In these earlier days Mr. Bennett encountered many interesting characters. Allen, the builder of the Dell house, became a hermit; he did not care to have anything to do with the summer people who began coming there, so he would immediately go in and close up the place. This building which he owned and occupied stood for a number of years, but was finally destroyed by fire.
After Mr. Bennett's first year of landscape photography with the bulky apparatus which he had to carry, he built himself the following winter a small, compact, wet-plate dark-tent. This contained all of his chemicals, plates, plate holders, and water bag. This dark-tent had a headpiece and handholds, and was set up on a tripod. He packed the dark-tent on his back with pack-straps, carrying the camera in his hand, which completed his outfit.
The second camera which he built had a tilting back which, as far as we know, was new to photography. He succeeded in obtaining another lens for stereoscopic work so that he could make the exposures without having to move the one lens, as he did on his previous camera.
For a few years he used this equipment, making pictures in Cold Water canyon and other dark places where long exposures were necessary due to the black rock, green foliage, and lack of light. In some instances exposures of one hour and a half were made. As wet plates had to be developed within a few minutes after sensitizing, it was impossible to get pictures with such long exposures, so Mr. Bennett surmounted this obstacle by placing wet sponges in the camera to keep the plate wet during exposure. This enabled him to get many pictures in dark places where there was little light; and in such places as caves, he whitewashed to get more light.
Mr. Bennett was always in search of new places to photograph along the river and in the surrounding country. Many times in order to get the best picture, it was necessary for him to go repeatedly to this one favored spot. Perhaps, at one time the wind might disturb the foliage slightly, or a cloud obscure the sun. This would necessitate returning again to get. the light and everything as he wanted it, at just the right time. Sometimes it became necessary to trim out underbrush or dead limbs from trees, perhaps to throw a few old logs into position for a foreground, or to use people in some of the pictures, and many times to build a platform or place to set his camera out on a point so as to get the best angle at which to make the picture.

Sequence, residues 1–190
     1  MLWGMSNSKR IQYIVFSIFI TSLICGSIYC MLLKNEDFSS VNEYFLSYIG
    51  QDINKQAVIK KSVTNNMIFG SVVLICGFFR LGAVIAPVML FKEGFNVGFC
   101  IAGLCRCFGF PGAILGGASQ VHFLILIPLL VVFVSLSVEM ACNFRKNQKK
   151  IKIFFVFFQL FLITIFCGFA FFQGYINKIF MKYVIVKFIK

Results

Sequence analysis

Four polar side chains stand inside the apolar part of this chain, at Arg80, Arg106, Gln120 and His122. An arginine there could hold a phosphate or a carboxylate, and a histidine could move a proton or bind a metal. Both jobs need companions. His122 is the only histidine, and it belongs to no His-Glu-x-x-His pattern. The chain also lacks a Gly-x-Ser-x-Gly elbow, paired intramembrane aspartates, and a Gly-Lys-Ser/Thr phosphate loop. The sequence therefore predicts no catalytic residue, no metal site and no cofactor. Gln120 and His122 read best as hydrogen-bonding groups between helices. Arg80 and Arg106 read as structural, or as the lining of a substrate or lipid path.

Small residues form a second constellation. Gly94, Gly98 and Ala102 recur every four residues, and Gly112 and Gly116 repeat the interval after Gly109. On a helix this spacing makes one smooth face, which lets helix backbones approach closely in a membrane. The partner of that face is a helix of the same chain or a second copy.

During the years of his early work, a few people hearing of this beautiful bit of scenery, began coming to see it. Since there was no way to get through the dells except by rowboat, Mr. Bennett spent many days taking people through, showing them the grandeur and beauties of the dells. In his early search for new places to picture, he followed an opening back quite a distance from the river. Then he came to another opening which he could not follow in the boat. Back in this rock gorge he thought he could hear a waterfall and decided to explore the opening farther. By wading and swimming he succeeded in reaching the waterfall but was unable to get over it. The following winter when things were well frozen, he skated up the river back into where the ice had frozen over the waterfall. By cutting into the ice, he succeeded in getting up over the fall and through to the head of this gorge. On account of its weird rock formation, he named this gorge 'Witch's gulch.' He was probably the first white man who ever traversed its entire length.
About this time, in the early seventies, a few more people began coming to see the dells from the surrounding country. About 1873, Captain A. Wood brought a flatboat or scow down the river from Quincy, built it into more or less of a sight-seeing craft, and named it the Modocawanda.